Greenhouse gas reduction is impossible without the oceans and yet, discussions regarding ocean’s protection have been removed from the Paris negotiations.
Oceans are 71 percent of our planet and 95 percent of Earth’s biosphere. Melt waters from the Antarctic and from the Arctic will probably inundate coastal cities by the half of this century. According to climate advocates, thinking that we can live without protecting the oceans is just as thinking that a human can live with no lungs.
Oceanic phytoplankton absorbs each day a third (more than 32 million metric tons) of the greenhouse gases emitted by the climate-changing fossil fuels industry.
The dramatic raise of carbon dioxide levels in the oceans has a disastrous effect on sea creatures. Fishes become disoriented, genetic mutations happen more often and many species are at risk of going extinct.
Carbon emissions are acidifying the ocean’s water at a higher speed than in the past 300 million years. The Chukchi and Beaufort Seas are almost too acidic for shellfish, which might disappear in the next decade.
More that 42 percent of the planet’s coral reefs have been killed by the rising temperatures of the seas and waters’ acidification. That means that almost a million species of sea creatures have been left without shelter and feeding habitat.
The increasing temperatures of the oceans make it impossible for iron and nitrogen to reach and fertilize the phytoplankton since they were mostly carried by cold currents. The phytoplankton is the totality of marine food but it also plays a vital role of producing the oxygen in the oceans.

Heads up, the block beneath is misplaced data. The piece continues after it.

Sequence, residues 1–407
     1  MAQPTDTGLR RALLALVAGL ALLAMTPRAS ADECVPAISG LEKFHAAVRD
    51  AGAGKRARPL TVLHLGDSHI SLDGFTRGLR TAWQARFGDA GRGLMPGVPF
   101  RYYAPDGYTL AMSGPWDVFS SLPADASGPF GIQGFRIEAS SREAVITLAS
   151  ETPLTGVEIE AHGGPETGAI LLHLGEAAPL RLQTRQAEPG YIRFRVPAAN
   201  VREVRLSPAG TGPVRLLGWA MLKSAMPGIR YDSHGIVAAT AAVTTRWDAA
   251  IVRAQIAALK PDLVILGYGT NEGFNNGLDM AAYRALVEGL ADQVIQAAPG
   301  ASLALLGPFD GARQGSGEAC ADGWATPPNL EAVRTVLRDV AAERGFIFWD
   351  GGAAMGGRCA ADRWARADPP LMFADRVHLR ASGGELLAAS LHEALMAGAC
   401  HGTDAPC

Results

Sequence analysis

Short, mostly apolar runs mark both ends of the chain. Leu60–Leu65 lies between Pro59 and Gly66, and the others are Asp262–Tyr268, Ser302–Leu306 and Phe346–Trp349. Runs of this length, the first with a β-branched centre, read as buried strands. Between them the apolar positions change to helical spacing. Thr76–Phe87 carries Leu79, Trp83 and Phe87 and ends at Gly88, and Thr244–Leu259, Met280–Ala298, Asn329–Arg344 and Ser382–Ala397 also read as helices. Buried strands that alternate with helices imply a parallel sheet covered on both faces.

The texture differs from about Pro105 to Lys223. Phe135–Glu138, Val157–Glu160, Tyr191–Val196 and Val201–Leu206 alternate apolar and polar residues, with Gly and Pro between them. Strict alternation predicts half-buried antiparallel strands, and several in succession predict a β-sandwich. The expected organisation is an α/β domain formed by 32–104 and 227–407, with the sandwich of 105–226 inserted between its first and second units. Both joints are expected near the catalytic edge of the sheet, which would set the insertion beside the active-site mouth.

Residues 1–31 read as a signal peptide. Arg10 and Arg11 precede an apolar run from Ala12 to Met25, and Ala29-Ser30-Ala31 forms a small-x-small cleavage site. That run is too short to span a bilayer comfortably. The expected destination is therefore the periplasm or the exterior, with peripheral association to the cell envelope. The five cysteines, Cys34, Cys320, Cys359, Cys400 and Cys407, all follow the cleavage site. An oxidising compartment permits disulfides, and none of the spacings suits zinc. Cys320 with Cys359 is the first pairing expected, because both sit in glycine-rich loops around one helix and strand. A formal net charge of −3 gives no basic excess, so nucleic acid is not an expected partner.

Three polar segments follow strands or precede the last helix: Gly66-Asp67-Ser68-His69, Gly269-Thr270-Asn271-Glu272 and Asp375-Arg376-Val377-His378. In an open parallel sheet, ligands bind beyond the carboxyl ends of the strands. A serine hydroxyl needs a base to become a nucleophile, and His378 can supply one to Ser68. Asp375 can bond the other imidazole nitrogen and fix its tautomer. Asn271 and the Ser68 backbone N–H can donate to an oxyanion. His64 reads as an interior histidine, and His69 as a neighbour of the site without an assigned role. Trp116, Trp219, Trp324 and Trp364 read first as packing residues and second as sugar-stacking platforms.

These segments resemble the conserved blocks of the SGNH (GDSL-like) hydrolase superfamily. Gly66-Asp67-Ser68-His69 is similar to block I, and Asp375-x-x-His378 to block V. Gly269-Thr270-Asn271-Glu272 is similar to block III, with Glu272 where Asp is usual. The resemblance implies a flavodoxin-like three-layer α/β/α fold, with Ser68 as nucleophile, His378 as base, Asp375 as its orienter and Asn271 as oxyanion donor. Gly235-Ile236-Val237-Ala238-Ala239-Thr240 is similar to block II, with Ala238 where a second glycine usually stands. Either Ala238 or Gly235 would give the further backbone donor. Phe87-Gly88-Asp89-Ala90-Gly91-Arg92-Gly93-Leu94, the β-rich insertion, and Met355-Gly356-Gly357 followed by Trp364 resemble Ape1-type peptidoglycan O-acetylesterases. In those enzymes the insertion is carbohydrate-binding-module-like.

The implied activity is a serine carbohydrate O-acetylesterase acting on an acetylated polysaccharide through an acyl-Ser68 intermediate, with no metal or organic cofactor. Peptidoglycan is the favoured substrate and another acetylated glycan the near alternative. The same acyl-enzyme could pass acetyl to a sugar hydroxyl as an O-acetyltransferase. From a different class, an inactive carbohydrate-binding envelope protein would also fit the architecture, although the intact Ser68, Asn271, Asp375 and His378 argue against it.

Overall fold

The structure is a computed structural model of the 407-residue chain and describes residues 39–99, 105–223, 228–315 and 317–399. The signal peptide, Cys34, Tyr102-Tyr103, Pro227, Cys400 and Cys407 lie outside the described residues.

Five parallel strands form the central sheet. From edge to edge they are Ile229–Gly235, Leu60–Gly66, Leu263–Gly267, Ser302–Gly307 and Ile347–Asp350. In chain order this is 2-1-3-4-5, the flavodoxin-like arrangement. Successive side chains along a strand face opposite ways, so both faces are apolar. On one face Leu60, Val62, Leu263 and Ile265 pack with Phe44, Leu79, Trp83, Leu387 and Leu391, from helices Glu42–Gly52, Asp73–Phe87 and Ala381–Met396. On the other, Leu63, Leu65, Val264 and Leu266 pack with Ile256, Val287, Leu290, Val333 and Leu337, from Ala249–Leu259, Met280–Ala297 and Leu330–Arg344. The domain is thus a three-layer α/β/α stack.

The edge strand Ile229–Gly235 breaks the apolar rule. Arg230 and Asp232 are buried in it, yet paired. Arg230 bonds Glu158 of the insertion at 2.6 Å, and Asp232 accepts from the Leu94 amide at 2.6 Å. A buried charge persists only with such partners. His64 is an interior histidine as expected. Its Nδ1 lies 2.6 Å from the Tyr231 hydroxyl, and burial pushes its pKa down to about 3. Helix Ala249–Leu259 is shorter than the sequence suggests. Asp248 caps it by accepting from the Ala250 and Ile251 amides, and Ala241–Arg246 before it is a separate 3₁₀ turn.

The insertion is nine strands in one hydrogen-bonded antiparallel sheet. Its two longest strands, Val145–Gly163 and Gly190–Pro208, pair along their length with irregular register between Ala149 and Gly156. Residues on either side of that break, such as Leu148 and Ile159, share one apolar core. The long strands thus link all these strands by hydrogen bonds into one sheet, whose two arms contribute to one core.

Three of 4 breaths of air inhaled by each earthling come from oxygen produced by marine phytoplankton. But the greenhouse gases have killed 40 percent of it.
However, fossil fuels industry, which destroys our planet at a faster speed than ever before, is still subsidized by governments with about $5.6 trillion every year.
The only help to rebuilding the lost phytoplankton comes from whales’ fecal plumes, rich in nitrogen and iron which are fertilizing the oceans. But due to pollution their primary food source, the Antarctic krill, is also disappearing at alarming speeds.
More than that, states like Norway, Denmark, Iceland and Japan continue hunting these greatest fighters against global warming. And yet, negotiations in Paris are excluding the oceans from the discussions, missing the chance of reaching an agreement that could really save the planet.
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